Thursday, February 10, 2011

Post-script on “soft indifference”

After a bit more reflection on the subject of yesterday’s post, we have further observations and a related policy to propose.

Side is flabbergasted, as you well know, by the way teachers are compensated, and in particular that the very worst makes the same as the very best, and has the same job security.  Any time you propose changing the system, the shopworn defenses pop up:

  • ‘It’s not “fair'” to judge teachers by how their students do.’
  • ‘It’s not “fair” to evaluate them on classroom observation.’
  • ‘There’s so much more to being a good teacher.’
  • ‘We need to make sure teachers are protected from the pettiness of the general public, and the internal politics of school administration.’
  • ‘All our teachers are superb, and we need to pay them all as much as we possibly can.’
  • ‘Teachers are underpaid, and do not get the respect they deserve.  The contracts we agree to fight that problem.’

You can refer to this post from last year as preamble and backup to these premises.  That post also contains this quote, which in our view, cannot be repeated too often:

“When school children start paying union dues, that's when I'll start representing the interests of school children.”   - Albert Shanker - President of the United Federation of Teachers [1964-1984] & the American Federation of Teachers [1974-1997]

Along these same lines of idealistic thought, we recall the drumbeat for “equity” as an over-arching justification for building the new school; the notion that all children should have the same experience in our school system, no matter where they live or what their family circumstances.

Hmmm; “equity” seems like the perfect word to describe how our teachers are dealt with.  They’re all treated the same, no matter how different their talents are, how effective they are, how hard they work, or what kind of results they get from their students.

If it’s good for the teachers, it surely must be good for the students, so we propose the following.  Each student in a class will receive the same grade for the class.  This is the only “fair and equitable” way to grade the kids for obvious reasons:

  • Some kids just aren’t good at taking tests.
  • Some kids are disadvantaged compared to others.
  • It’s impossible to judge a student’s progress with simplistic and mechanical tests and other assignments.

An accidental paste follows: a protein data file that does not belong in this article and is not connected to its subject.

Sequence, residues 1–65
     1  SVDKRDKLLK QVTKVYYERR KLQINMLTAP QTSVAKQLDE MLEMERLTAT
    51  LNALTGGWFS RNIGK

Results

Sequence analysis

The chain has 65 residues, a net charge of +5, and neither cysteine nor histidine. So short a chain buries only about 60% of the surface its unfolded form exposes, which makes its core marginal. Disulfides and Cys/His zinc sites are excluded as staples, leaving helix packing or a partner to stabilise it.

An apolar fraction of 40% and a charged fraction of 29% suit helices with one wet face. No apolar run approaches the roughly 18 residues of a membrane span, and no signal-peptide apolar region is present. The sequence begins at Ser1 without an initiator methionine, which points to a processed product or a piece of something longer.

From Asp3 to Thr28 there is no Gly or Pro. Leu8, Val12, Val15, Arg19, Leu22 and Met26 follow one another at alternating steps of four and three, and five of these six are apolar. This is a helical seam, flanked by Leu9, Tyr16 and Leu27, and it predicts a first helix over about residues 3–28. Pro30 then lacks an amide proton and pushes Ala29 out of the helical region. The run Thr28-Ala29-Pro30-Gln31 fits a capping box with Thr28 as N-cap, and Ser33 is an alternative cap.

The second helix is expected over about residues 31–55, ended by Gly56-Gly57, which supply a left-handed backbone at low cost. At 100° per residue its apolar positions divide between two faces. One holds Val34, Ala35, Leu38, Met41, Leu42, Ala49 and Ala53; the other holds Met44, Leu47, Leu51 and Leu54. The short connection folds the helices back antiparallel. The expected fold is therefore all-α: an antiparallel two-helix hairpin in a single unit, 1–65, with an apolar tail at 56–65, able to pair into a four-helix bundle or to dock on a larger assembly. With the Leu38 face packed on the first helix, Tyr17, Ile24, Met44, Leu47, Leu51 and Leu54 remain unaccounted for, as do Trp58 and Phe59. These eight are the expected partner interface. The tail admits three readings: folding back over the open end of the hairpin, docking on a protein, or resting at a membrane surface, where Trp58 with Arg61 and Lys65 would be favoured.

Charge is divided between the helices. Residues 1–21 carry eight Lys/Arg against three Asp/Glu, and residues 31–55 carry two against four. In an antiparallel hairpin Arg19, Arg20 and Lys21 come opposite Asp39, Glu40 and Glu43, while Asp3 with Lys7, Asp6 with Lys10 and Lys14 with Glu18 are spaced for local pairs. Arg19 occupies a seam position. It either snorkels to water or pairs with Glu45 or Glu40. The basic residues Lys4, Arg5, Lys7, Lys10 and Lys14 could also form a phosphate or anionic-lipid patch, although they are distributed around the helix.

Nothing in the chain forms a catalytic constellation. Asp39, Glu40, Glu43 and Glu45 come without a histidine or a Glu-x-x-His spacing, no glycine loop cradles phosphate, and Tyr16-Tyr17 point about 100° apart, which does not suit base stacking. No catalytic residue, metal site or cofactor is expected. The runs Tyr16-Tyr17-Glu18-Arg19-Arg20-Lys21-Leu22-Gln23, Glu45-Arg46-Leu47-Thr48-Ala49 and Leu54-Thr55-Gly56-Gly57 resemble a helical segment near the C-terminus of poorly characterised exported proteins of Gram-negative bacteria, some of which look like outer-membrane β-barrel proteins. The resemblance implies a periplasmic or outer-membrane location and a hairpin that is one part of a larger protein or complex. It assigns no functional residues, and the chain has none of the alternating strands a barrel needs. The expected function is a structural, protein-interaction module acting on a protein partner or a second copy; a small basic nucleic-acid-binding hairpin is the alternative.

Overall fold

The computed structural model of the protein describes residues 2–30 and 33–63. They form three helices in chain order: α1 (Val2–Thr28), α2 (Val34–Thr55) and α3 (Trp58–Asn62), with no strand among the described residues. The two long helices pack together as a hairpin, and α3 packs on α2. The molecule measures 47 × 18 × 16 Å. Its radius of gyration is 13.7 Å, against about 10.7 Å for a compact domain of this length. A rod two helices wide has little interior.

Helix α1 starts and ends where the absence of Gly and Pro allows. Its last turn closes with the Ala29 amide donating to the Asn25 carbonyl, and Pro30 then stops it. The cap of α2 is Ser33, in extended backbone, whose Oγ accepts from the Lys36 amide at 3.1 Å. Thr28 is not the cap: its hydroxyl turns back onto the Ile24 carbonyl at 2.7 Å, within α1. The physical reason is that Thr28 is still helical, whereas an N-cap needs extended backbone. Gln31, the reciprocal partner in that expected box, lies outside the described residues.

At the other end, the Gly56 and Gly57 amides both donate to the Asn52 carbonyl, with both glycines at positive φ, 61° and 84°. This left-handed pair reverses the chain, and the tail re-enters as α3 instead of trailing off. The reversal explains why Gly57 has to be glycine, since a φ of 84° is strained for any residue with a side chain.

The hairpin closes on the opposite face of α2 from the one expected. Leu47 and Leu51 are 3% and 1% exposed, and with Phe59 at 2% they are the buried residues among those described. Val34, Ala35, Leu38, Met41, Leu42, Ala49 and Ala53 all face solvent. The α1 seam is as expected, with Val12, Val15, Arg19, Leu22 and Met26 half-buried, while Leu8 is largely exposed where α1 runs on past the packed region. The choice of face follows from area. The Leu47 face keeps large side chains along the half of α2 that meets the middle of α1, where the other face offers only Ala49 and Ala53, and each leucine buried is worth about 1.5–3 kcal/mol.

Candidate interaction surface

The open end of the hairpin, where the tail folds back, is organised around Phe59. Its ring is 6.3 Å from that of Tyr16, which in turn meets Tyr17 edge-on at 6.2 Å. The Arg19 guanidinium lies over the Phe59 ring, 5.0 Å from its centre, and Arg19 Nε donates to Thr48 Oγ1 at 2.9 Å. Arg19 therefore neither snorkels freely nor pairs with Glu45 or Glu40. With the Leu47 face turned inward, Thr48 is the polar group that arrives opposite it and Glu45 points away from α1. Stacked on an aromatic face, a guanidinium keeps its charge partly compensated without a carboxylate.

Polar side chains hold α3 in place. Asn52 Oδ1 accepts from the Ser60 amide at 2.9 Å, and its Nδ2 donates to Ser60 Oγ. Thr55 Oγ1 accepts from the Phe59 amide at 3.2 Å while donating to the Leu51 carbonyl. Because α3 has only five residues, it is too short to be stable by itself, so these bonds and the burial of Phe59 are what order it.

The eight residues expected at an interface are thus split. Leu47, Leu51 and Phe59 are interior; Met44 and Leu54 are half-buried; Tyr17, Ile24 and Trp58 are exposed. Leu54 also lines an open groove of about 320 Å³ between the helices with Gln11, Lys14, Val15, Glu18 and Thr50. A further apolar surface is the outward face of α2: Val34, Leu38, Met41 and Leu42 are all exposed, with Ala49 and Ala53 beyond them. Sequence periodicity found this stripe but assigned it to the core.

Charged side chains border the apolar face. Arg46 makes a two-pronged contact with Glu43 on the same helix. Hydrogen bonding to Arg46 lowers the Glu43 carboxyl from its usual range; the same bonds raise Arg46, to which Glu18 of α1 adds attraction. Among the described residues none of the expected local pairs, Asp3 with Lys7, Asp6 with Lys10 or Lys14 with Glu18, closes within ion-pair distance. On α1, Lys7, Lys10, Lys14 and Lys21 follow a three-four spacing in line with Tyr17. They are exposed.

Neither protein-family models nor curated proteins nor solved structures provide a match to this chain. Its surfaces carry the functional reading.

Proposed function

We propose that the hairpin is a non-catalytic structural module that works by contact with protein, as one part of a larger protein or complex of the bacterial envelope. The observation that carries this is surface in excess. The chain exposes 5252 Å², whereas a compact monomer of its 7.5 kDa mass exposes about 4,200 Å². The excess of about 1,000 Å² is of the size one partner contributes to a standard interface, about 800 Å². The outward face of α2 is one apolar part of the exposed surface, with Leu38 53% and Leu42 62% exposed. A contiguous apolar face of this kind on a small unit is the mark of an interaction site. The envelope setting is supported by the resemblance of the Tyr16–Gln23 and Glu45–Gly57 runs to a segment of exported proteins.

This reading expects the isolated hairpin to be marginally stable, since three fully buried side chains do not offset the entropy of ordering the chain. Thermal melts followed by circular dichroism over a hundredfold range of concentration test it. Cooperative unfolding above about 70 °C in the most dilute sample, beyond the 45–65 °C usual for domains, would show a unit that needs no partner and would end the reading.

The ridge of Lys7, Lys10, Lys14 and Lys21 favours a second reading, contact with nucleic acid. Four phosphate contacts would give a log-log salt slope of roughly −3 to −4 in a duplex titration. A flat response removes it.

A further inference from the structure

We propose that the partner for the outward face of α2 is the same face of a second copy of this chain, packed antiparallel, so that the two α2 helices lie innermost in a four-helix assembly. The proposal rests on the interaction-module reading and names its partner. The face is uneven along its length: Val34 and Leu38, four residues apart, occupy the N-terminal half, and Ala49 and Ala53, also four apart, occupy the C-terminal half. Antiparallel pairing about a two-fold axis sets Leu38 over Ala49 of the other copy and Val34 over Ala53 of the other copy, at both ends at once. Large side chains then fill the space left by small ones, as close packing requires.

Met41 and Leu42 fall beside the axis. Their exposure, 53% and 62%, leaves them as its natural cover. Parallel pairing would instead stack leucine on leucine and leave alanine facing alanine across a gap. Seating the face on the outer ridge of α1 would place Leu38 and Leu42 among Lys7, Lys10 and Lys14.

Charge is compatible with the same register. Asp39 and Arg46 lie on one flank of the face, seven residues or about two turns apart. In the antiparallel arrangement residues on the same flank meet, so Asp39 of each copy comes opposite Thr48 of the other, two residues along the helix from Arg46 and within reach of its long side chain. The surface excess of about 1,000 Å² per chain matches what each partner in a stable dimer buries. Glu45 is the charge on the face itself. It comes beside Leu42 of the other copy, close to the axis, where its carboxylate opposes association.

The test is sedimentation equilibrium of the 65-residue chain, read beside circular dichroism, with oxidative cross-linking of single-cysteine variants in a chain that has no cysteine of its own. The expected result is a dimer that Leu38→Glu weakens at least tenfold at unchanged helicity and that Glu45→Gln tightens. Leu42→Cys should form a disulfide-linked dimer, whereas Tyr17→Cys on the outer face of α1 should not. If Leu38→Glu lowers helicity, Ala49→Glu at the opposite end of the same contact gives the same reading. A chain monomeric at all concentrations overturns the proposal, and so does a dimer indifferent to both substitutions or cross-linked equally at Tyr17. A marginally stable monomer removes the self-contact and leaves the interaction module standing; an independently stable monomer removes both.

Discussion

• Allowing teachers to evaluate students beyond such basics calls into play the idiosyncrasies and biases of individual teachers, and is therefore unreliable.
  • Some students take the class in the morning, while others take it in the afternoon, and such differences can yield substantial differences in performance.
  • Classroom location in the building and other intangibles can unduly influence student performance.

Accordingly, i propose the following grading system for all high school students in our system, regardless of classroom performance:

  • All seniors will receive grades of B in all classes.
  • All juniors will receive grades of B- in all classes.
  • All sophomores will receive grades of C+ in all classes.
  • All freshmen will receive grades of C- in all classes.

You must agree, you simply could not achieve any higher level of equity than this policy yields, right?  And no more worries about grade inflation, or bitching and whining about a student’s grade.  The first day you show up at BHS, you know exactly what grades you’re going to receive for the next four years, just like the teachers know exactly how much they’re going to make in the coming years.  What could possibly be fairer, we ask?

We consider this a real breakthrough in education reform.  And any students, parents, or guardians who don’t like the approach must be elitists who can’t comprehend the social justice inherent in this equity based system.  The School Department will have to create a counseling track to help these mal-contents achieve harmony with the higher ideals implicit in the new grade structure.

As for college planning, just imagine the delight that schools like Bowdoin will feel when they realize that no-one from Brunswick High School will have to be denied access to the Ivory Tower because of grades!

Now that’s what we call justice, and what we call equity!  And what a glorious future lies just ahead!


  1. You know that this article in Brunswick, nay everywhere there is a "teacher's union" is akin to stepping on the so called "third rail".

  2. At this point in the history of the situation, there's more than enough extra rails for everyone to choose from.

    I'm willing to step on the 'third rail' in the odd chance that it might derail one of the cars somewhere along the line, or at least create a few sparks.

  3. This time Mr. Poppycock I have to diagree with you. The only equitable system would give the students no grade at all, have the town giver the school department what they think they can extract from the taxpayers and let the teachers decide how many of them there should be and how much of the pot they get to divide up. In order for this truly equitable system to work however, you can't make the kids to to the public school.